disruption

is innovation career suicide?

Stop me if you’ve heard this one before: your CEO (or more likely new CEO) decides that your company needs to be more innovative, either generating profitable new products, becoming more of a leader in the space or trying to juice up employee engagement. Let’s do some moonshots! As a career innovator, this is what you like to hear.

There’s a budget for the development of an innovation program, and possibly even the creation of an innovation group, dedicated personnel charged to foster and encourage innovation within the organization. The budget may be for the program, or the people, or the budget may be to generate targeted IP, to help start or expand an existing patent portfolio. The mandate is “envision the future of our business,” and help take us there.

They announce with great fanfare. They hire innovation and facilitation gurus, and internal teams are built to foster more innovative processes, new products, and process improvements, leading to higher profitability and cost savings.

It starts strong, with a lot of initial employee engagement. Ideas are submitted and if the program is properly set up, reviewed and dispositioned by a team of reviewers, and some rise up to become attractive enough to prototype, or even lead into a possible patent application.

These are great ideas. The ideas could go on to become an entirely new product, opening up new markets for the company. Unfortunately, there is no current market for the products TODAY, so enthusiasm from leadership wanes (not always, but in most cases, we’ve seen). Plenty of great forward-thinking ideas are generated, but few to none come to fruition.

The next step is accountability. Instead of the innovation group developing future products and services, its asked to justify these ideas against current day business models, when the markets may not exist yet. There was no guaranteed market for Twitter when it launched. No guaranteed market for Slack. No guaranteed market for the iPhone. The product was launched, and the market picked them up.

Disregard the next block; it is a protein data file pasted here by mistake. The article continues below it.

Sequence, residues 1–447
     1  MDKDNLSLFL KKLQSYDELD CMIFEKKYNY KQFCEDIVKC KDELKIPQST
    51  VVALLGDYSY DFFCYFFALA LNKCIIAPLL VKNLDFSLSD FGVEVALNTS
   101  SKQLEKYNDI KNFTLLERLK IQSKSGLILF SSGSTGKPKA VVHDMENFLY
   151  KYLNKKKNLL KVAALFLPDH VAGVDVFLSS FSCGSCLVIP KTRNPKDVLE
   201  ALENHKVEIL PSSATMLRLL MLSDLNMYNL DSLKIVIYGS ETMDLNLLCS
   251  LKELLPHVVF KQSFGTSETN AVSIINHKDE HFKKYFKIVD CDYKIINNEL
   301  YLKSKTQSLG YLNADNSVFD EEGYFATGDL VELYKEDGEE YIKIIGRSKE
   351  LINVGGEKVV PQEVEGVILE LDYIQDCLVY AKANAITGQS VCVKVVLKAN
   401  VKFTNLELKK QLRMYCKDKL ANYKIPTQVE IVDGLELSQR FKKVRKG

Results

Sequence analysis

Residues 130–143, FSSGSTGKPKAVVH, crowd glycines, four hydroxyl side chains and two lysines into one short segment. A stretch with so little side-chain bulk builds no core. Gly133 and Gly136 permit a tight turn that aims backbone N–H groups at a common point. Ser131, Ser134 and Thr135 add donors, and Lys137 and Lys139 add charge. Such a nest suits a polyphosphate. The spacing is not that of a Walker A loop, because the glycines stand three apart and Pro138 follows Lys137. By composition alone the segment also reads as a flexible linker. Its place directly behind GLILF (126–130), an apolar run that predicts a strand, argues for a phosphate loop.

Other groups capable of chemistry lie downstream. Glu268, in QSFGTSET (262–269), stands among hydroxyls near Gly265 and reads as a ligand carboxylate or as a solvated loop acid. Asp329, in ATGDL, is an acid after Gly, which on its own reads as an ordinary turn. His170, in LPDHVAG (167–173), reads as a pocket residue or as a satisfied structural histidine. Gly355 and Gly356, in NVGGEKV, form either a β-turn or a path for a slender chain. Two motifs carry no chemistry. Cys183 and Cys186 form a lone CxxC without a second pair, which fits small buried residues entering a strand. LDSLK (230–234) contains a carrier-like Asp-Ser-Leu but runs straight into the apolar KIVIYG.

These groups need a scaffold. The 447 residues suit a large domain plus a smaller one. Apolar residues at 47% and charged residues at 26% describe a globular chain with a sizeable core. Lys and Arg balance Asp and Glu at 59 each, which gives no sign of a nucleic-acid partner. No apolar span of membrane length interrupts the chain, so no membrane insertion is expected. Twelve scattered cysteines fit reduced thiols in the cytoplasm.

But it doesn’t matter. The same leadership which gave the innovation group free rein to envision the future of the company now needs to develop for today, not tomorrow. All work requires sponsorship by a profitable business unit and show promise as a real product for today’s market.

There are no more moonshots, no more disruptive innovation. And we are back to square one when the leadership decides to disband the group or keep it as a non-functioning figurehead (to brag to others that they have an innovation group).

The innovation staff is then reassigned, leaves or is let go. Those who are let go move to another firm which is at the front end of the “innovation cycle,” and the cycle begins all over again:

  1. Innovation is important, let’s budget for it and give it the freedom to be disruptive
  2. Innovation is important, but let’s make sure that it will solve a real business problem of today
  3. Innovation is important, but let’s make sure that we hit our numbers.
  4. Innovation is so important; we don’t even need to have an innovation group. Everyone needs to innovate.

I’ve seen innovation personnel that I know cycle through this same cycle, every time. Dedicated innovation personnel are valued until they aren’t.

So is having “innovation” in your title career suicide? Depends on the company and the industry.

In some companies, innovation is tossed around like salt and pepper, seasoning this title or another, when innovation is not part of the job description.

But in others, those that get it, understand that innovation is hard work, moonshots take time and money, and if they at all concerned about being disrupted away from their current customer base, they know that innovation is an essential skill to build and foster internally.

If you want to maintain a career in the “innovation arts,” you may need to look elsewhere.

Some companies are finally starting to move beyond innovation theater and are beginning to looking at innovation strategically. Innovation is starting to be embedded within leadership’s strategic playbook. They are looking at the leadership of the Titans in the ultra-successful tech industry and are seeing that visionary leadership, fostering disruptive innovation and out-of-the-box thinking, can lead to massive profits and market leadership.

Being innovative will save your career, as opposed to the opposite.


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